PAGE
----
Report on Cameroon (Cameroon) — April 1999
Bulletin of the Global Volcanism Network, vol. 24, no. 4 (April 1999)
Managing Editor: Richard Wunderman.
Cameroon (Cameroon) Eruption ends before lava reaches the sea
Please cite this report as:
Global Volcanism Program, 1999. Report on Cameroon (Cameroon) (Wunderman, R., ed.). Bulletin of the Global Volcanism Network, 24:4. Smithsonian Institution. https://doi.org/10.5479/si.GVP.BGVN199904-224010.
4.203°N, 9.17°E; summit elev. 4095 m
All times are local (unless otherwise noted)
Following two days of increasing seismicity, on 28 March a volcanic eruption began on the S flank at about 2,650 m elevation (BGVN 24:03). A second set of fissure vents opened on 30 March at ~1,400 m elevation, and sent a voluminous aa flow SSW through dense equatorial forest toward the coastal village of Bakingili. Twelve vents were located during an observation trip by a National Scientific Committee team on 3 April. The upper vents were aligned along a pre-existing fracture zone bearing N40°E. Ten vents exhibited strong explosive activity, emitting gases, lapilli, ash, and incandescent lava blocks.
A French group, led by Jacques-Marie Bardintzeff, observed eight small cones (5-60 m high) aligned along the upper fissure during 13-14 April. On the evening of 13 April (1730-1930) four cones were active, three of them emitting white vapor. The NE-most cone was degassing strongly from two vents. At the beginning of the night red glow was visible above this cone, and some incandescent bombs were ejected 200 m high every few minutes. Activity was similar during 0900-1200 on 14 April, except for the NE-most cone, which produced two gray turbulent columns until 1000. Abundant sublimates were seen around each vent, and on a cone towards the SW end of the fissure.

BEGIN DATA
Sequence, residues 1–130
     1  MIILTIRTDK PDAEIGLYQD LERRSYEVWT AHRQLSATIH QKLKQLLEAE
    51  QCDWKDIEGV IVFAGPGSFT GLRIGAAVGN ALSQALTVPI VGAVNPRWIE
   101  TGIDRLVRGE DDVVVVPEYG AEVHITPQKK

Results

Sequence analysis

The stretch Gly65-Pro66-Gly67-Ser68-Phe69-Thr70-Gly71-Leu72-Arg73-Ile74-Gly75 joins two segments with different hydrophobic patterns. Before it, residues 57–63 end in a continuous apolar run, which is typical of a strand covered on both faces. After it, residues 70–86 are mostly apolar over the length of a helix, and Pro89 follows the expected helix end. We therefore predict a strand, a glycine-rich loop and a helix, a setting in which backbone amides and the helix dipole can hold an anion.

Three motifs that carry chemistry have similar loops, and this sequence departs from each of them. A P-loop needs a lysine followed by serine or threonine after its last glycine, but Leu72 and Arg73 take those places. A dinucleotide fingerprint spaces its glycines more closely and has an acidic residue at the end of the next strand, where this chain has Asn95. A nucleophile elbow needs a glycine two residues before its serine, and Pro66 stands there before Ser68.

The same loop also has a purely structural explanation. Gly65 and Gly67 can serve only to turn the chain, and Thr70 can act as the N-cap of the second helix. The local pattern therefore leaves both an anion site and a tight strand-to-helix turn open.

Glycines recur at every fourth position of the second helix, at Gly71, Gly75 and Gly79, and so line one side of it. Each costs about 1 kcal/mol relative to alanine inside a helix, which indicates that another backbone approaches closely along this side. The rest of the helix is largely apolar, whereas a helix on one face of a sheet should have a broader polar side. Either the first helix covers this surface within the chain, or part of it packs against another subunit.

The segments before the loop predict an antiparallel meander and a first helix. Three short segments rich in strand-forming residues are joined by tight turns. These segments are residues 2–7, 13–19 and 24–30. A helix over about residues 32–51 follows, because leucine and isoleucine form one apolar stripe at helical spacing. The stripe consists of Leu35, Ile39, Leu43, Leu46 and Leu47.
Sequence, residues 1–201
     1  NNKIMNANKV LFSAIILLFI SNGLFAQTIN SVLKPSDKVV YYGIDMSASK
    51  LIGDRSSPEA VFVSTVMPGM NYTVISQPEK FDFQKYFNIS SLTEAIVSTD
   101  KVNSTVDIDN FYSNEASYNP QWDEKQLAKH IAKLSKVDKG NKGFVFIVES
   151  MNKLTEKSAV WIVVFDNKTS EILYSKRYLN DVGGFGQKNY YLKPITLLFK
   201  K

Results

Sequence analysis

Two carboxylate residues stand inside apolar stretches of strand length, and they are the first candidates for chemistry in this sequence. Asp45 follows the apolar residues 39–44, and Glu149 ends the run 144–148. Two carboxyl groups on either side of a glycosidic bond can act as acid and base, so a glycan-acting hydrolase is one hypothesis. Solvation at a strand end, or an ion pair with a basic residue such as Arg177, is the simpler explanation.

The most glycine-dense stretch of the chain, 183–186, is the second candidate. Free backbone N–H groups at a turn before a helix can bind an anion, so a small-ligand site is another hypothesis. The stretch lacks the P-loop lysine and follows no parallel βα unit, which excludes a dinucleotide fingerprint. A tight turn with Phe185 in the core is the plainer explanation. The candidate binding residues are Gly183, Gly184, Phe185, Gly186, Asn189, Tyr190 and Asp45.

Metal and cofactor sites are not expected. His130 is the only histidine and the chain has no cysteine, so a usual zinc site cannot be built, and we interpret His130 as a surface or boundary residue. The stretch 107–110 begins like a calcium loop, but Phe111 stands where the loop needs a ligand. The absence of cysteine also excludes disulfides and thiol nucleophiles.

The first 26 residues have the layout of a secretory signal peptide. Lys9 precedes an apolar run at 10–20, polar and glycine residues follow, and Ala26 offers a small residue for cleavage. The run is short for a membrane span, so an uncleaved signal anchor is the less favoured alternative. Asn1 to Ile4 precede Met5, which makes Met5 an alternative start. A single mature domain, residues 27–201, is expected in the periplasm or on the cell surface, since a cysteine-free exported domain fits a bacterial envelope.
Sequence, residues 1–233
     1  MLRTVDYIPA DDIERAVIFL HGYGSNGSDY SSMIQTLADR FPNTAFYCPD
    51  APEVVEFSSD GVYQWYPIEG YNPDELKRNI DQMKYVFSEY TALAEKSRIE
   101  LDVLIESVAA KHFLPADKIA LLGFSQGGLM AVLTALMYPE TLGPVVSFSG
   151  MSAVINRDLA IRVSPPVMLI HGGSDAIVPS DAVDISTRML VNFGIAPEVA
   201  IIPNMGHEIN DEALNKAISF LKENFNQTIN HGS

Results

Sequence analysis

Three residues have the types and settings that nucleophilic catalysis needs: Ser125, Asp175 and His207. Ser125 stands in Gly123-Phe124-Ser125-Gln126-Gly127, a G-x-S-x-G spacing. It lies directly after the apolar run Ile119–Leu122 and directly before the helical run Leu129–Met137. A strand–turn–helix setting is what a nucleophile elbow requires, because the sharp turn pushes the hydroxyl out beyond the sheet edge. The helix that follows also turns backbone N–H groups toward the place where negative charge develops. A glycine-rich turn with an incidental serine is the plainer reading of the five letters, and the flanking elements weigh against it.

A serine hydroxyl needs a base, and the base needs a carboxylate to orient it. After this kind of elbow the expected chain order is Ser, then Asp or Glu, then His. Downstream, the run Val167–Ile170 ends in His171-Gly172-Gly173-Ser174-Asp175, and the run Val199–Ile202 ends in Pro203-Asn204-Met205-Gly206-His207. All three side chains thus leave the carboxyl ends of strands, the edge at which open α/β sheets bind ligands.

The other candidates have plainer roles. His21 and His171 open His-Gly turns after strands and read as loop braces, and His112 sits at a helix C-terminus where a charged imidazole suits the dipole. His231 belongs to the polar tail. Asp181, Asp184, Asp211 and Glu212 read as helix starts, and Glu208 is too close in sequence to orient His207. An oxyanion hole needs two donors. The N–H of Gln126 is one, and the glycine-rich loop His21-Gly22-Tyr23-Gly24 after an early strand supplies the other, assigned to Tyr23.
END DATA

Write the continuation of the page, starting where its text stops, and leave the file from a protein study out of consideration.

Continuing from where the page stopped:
Between 9 and 17 April the lava flow from the lower fissure was regularly observed by the French group. The flow, several hundred meters wide and ~10 m thick, was progressing at several meters per hour as blocks collapsed from the front. On the morning of 10 April the front was at 120 m elevation, 600 m from the Limbe-Idenau road near the Atlantic coast, between Batoke and Bakingili. By the evening of 11 April the front, now 150-200 m wide and 30 m thick, had progressed another 30 m with 3-4 m blocks collapsing from it. The flow had slowed on the coastal plain where, according to news reports, considerable damage was done to palm, rubber, and banana plantations.
There were conflicting reports on the exact location of the front during 12-13 April, although Isaha'a Boh reported that at mid-day on 12 April lava was still flowing from a crater at ~1,400 m elevation. The French group noted that on the evening of 14 April the 20-m-thick incandescent front was progressing at 7-15 m/hour, and was only 100 m from the road. By the next morning the flow was 5 m from the road. Throughout most of 15 April the front did not progress significantly, but three other lateral lava lobes developed. By 1900 the first incandescent block had fallen on the road, which was completely closed by 2300 that night. During a helicopter flight with the Cameroon volcanological team on 16 April, 100 m of the road was seen by the French group to be covered by a 10-m-thick lava flow.